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Review: The Future

Review: The Future

Review: The Future cover photo on Stagedoor
I have seen the future and its not quite working. At least Little Bulb’s version of it isn’t. Or not yet it isn’t.

The Future (Battersea Arts Centre) feels like a bit of a departure for one of British theatre’s most delightful and skilled up companies. I still get a little tingle up my spine when I think of Orpheus which graced BAC’s Grand Hall over Christmas in all its idiosyncratic musical gloriousness.

There’s fun to be had here as Little Bulb contemplate our future, and in particular the rise of Artificial Intelligence, and they do it in a style that borrows from 1970s prog rock while simultaneously suggesting a TED Talk delivered by a group of earnest scientists wearing the sort of silly tinfoil hats that suggest a toddler’s conception of what a robot might look like.

The conceit is that three scientists (Dominic Conway, Eugenie Pastor and Shamira Turner), all leaders in the field of AI, are doing a world tour of presentations to raise awareness about the “intelligence explosion,” at the behest of a fearsomely organised Australian (Clare Beresford). The question is will AI contribute to sustainability, progress and peace or will it try and shape the future for its own preferences and strategic advantage? If it’s so smart, surely it will outsmart us, and if we try to contain it perhaps it will rise up against us like rebellious teenagers?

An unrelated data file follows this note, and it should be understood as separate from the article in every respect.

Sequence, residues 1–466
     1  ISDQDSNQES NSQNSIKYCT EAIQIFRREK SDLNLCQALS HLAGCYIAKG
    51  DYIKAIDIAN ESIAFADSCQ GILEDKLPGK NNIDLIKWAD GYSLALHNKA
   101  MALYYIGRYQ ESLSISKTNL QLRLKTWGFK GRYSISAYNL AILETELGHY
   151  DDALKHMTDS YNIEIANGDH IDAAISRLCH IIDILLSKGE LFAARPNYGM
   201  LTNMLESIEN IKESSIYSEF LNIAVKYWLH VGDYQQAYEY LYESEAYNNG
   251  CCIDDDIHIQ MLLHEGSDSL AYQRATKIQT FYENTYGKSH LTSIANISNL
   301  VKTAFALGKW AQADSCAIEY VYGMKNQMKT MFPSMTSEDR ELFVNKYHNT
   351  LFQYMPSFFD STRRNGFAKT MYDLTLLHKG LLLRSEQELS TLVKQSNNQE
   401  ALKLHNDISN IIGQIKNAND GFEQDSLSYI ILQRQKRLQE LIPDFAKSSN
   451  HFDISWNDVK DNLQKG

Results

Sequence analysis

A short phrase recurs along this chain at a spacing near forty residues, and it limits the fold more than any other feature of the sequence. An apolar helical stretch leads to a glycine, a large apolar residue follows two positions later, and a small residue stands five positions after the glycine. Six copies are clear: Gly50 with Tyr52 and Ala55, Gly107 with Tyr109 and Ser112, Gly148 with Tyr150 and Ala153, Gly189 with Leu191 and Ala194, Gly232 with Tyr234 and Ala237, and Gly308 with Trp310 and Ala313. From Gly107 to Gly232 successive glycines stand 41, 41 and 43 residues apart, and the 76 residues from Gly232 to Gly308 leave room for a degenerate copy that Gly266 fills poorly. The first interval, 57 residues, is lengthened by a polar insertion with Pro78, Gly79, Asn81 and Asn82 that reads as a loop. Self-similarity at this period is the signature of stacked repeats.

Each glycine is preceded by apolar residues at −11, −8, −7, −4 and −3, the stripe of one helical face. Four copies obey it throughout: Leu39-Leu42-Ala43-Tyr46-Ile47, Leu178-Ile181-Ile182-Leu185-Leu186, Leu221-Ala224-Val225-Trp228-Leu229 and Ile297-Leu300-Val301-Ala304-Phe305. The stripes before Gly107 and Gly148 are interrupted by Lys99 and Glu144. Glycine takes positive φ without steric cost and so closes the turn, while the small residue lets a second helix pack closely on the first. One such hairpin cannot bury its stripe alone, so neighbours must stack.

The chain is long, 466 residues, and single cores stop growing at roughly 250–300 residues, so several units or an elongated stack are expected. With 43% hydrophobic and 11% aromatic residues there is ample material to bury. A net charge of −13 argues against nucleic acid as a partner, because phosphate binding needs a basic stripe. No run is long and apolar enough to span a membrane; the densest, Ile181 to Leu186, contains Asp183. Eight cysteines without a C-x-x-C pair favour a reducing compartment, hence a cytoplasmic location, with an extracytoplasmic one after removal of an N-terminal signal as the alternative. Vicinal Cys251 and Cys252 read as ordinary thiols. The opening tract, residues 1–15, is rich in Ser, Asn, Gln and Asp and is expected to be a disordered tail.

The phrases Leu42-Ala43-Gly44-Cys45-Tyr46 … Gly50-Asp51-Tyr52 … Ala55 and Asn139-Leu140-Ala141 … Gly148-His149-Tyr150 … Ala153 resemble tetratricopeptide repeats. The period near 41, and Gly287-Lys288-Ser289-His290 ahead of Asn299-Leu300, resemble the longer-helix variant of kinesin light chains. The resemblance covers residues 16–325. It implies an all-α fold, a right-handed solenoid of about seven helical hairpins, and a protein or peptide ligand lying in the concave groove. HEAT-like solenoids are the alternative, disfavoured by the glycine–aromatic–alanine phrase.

Photos by Adam Trigg.

Like all Little Bulb’s shows this is clever stuff and beneath its apparent simplicity there is a Russian doll complexity as it becomes apparent that appearances can be deceptive. It asks: what is it that really makes us human and sets us apart from machines? Particularly when the very smartest machines will look and sound just like us.

Clearly there has been plenty of research but as yet it hasn’t quite settled, so this hour-long show feels heavy on information but short on character - the heart and warmth of which is so often part of this company’s trademark distinctiveness. It’s impossible not to admire this hour but it’s a mite harder to love. I’d hazard a guess that just as it is for all of us, the future is still very much a work in progress for Little Bulb.

The Future runs at Battersea Arts Centre until Sat 29 June.

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Lyn Gardner

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